Snake Fire Now Estimated at 2,000 Acres, Threatening Buildings in Southeastern Wyoming
Fire managers said late Sunday the Snake Fire burning in southern Carbon County grew to roughly 10 times the size reported earlier in the day.
The fire, burning just two miles north of the Wyoming/Colorado state line, is now roughly estimated at 2,000 acres in size and is threatening some ranch structures as well as private and state land on the Medicine Bow National Forest, according to the latest update.
Extreme fire growth Sunday resulting from single-digit humidity and wind gusts of 40 mph or more saw flames spread to the east and northeast of the fire's origin, with the blaze now nearing Huston Park Wilderness.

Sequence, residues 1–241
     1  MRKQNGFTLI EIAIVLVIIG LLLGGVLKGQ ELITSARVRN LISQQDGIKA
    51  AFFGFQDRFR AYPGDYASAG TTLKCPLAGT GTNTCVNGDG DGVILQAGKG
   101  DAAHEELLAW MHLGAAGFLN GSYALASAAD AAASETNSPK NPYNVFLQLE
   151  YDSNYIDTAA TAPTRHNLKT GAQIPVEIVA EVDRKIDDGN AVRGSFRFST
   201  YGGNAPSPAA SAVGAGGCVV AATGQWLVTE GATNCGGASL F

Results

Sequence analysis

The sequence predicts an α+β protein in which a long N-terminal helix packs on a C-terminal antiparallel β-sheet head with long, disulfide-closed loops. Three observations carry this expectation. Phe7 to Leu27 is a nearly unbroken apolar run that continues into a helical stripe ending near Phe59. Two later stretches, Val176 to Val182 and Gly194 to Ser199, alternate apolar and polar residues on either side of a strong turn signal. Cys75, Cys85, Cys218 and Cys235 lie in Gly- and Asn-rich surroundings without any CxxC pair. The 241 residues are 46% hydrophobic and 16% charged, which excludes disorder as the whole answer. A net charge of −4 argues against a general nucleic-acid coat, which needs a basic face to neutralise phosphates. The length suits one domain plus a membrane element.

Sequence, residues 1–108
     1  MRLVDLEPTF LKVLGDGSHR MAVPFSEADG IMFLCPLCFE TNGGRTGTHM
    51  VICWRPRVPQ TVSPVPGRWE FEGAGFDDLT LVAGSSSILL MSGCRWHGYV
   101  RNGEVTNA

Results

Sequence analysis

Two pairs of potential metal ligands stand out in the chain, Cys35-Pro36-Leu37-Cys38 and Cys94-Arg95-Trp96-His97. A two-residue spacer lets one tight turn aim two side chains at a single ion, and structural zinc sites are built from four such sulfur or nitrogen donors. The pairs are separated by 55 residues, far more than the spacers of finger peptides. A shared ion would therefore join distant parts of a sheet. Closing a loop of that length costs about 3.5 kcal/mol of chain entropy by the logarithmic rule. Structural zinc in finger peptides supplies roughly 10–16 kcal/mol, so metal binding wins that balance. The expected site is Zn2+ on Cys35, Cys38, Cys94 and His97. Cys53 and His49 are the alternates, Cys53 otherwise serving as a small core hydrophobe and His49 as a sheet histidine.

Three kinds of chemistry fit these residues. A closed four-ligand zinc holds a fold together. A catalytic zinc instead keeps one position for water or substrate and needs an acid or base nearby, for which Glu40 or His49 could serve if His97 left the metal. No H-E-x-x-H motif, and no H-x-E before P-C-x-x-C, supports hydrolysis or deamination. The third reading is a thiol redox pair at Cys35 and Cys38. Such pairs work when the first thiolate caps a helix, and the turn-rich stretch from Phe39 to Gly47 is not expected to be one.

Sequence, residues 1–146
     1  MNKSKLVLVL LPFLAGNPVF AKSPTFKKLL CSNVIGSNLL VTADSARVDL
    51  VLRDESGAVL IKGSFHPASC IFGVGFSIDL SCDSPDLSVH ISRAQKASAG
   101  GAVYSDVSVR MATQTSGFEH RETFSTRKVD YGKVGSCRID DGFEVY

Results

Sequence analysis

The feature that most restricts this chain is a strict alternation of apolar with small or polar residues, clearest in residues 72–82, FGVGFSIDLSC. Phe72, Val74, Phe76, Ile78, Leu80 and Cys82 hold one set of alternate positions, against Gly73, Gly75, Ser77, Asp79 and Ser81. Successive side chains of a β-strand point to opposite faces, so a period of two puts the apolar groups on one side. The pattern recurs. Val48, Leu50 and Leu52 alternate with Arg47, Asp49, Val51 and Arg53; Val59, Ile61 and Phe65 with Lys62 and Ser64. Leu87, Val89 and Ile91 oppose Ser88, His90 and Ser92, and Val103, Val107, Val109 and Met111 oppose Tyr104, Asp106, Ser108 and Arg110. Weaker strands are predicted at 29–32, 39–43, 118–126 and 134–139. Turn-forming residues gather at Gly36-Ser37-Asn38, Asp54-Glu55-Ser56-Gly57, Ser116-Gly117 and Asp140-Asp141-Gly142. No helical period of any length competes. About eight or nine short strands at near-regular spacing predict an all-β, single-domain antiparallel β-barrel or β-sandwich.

The fire started about five miles southeast of Battle Creek Campground in the Roaring Fork Little Snake River drainage within the Sierra Madre Range.
A Type III incident management team was set to take over Monday.
The fire was first reported at 30 acres in size around 4 p.m. Saturday and grew to roughly 200 acres by Sunday afternoon. Hunters and campers in the area were evacuated as U.S. Forest Service and Carbon County fire engines responded.
Beaver Creek Fire air attack was the first resource on site. Sunday saw three engines, a Type II hand crew and three helicopters assigned to the blaze, for a total of 50 people.
The public is not allowed to enter the area, pending an official closure order.
The cause of the fire is still unknown.